Girl, 14, killed by falling rocks that also injured her parents and three siblings as they traveled through Montana’s Glacier National Park

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The 14-year-old girl from Utah who was killed by falling rock in Montana’s Glacier National Park this week has been identified by friends who have started a fundraiser to help the teen’s devastated family.

Ayva Sparrow, from Farr West, Utah, was travelling with her parents and two siblings in the family pickup truck along the scenic Going-to-the-Sun Road when the rock fall took place at around 7pm on Monday.

Rocks ranging from fist-sized to 12 inches in diameter shattered the rear windshield on the vehicle, killing the girl and injuring the rest of the family.

According to the GoFundMe campaign launched by a loved one on Wednesday, the Sparrow family were on their way to Canada for a vacation when the tragic accident occurred.

‘The Sparrow’s are a very close knit family. They loved going on adventures and spending time with each other,’ the fundraiser’s description read.

Ayva lost her life when falling rocks struck her family's pickup truck she was riding in with her family along the scenic Going-to-the-Sun Road (eyewitness photo)
Ayva lost her life when falling rocks struck her family’s pickup truck she was riding in with her family along the scenic Going-to-the-Sun Road (eyewitness photo)
Ayva's family members, including her parents and siblings (pictured) suffered injuries in the rock fall
Ayva’s family members, including her parents and siblings (pictured) suffered injuries in the rock fall
An online fundraiser described Ayva (center) as an animal lover who enjoyed reading

The organizers of the online campaign remembered Ayva as a girl with ‘contagious personality’ who ‘could light up any room she entered.’

On her old Facebook page, Ayva described herself as a cheerleader and drummer who loved animals, hiking and cooking.

‘Reading was her favorite activity,’ the GoFundMe page stated. ‘She loves cats, her dog, friends and most of all her little sister. Ayva will be missed dearly by her family and community.’

Family friend Daniel Walker told the station KUTV the entire community of Farr West has rallied around the Sparrows in their darkest hour.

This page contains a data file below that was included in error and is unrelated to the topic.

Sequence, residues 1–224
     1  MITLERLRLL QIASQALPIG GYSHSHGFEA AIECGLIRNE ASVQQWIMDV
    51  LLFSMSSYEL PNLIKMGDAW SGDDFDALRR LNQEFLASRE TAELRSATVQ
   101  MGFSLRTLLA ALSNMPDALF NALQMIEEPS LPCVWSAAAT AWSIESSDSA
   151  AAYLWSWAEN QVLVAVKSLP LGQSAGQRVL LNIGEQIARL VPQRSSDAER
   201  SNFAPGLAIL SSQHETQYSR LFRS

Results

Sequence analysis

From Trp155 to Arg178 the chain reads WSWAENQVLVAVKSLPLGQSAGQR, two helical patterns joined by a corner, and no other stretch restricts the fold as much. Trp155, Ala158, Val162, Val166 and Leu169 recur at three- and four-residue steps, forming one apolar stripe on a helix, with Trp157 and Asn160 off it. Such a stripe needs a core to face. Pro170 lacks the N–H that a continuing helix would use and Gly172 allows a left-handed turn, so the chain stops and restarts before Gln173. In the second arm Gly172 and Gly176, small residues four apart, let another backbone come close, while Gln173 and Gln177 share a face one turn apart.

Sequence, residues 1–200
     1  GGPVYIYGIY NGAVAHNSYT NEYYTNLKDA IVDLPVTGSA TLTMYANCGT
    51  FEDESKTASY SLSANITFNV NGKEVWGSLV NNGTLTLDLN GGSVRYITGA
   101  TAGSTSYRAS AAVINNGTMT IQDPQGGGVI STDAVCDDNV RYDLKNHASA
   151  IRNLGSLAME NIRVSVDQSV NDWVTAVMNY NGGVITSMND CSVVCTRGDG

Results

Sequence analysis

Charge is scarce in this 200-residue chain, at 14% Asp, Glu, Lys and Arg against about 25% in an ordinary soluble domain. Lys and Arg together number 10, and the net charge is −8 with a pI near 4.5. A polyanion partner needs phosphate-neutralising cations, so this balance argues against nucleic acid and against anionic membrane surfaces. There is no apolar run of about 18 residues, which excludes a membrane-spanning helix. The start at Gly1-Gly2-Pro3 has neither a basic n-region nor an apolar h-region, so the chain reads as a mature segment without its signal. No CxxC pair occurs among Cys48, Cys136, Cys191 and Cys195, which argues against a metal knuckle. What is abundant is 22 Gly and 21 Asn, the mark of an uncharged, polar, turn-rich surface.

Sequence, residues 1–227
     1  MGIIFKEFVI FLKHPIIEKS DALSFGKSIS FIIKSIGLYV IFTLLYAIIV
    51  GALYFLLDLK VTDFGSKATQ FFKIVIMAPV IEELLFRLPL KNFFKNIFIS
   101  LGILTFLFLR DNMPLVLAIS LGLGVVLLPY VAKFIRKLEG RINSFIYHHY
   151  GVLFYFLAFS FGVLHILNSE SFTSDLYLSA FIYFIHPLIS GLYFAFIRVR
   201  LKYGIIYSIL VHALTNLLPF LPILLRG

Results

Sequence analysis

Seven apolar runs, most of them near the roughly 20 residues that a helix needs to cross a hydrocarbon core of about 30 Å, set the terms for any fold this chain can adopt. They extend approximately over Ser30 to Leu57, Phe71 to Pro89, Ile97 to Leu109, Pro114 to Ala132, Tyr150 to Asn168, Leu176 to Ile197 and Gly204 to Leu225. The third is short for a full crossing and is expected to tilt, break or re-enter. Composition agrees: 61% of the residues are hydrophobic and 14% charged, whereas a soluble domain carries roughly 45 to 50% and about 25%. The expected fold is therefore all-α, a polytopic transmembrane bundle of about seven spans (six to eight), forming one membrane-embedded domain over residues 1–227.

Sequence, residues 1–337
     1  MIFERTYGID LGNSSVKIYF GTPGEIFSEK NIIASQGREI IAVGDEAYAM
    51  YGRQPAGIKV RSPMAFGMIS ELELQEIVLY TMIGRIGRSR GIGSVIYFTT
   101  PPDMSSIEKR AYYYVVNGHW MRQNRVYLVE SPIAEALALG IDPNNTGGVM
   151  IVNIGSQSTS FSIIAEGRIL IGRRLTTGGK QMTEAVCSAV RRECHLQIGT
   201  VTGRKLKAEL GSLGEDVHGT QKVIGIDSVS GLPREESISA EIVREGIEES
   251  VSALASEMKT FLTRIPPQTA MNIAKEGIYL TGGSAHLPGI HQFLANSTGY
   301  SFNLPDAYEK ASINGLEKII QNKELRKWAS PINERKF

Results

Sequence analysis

‘It’s a true loss to the community, obviously a true loss to their family,’ Walker said. ‘We are going to miss Ayva.’

The Sparrows (pictured) were on their way to Canada for a family vacation when the tragic accident occurred
The Sparrows (pictured) were on their way to Canada for a family vacation when the tragic accident occurred
A fellow motorist said the family of five were traveling in a red pickup truck. The rocks shattered the rear windshield, killing the teen and injuring her relatives
A fellow motorist said the family of five were traveling in a red pickup truck. The rocks shattered the rear windshield, killing the teen and injuring her relatives

Walker said he got a text message from Ayva’s father at around 1.30am on Tuesday explaining what had happened.

‘One of the things the father wrote to me in text is, “Make sure you hug your kids this morning and tell them you love them,”’ Walker revealed.

Park officials said in a press release addressing the fatality that the falling rocks left Ayva’s parents with ‘significant bruises while the other children in the car had minor injuries.

A helicopter was sent to the site of the accident but the 14-year-old’s condition was too ‘unstable’ for her to be airlifted.

Pat Cummings told CBS news she was driving down the road when traffic came to a standstill after the rockfall.

‘I could clearly hear a woman crying frantically, screaming, you know, “Please help her. Someone please just help her,”‘ Cummings said.

Eventually, an ambulance was brought in to take Ayva to Kalispell Regional Medical Center, but she died as she was being transported.

It took crews about three hours to remove the damaged vehicle, clear the debris and re-open the road.

The last fatal injury from falling rocks on the popular Going-to-the-Sun Road at Glacier National Park was in 1996

Parks officials said there were enough rocks scattered on the roadway to fill the bed of a pickup truck.

The last fatal injury from falling rocks on the popular Going-to-the-Sun Road was in 1996.

‘The park extends its deepest condolences to the girl’s family, and thanks its partner emergency care providers for the significant response,’ a news release by the park states.

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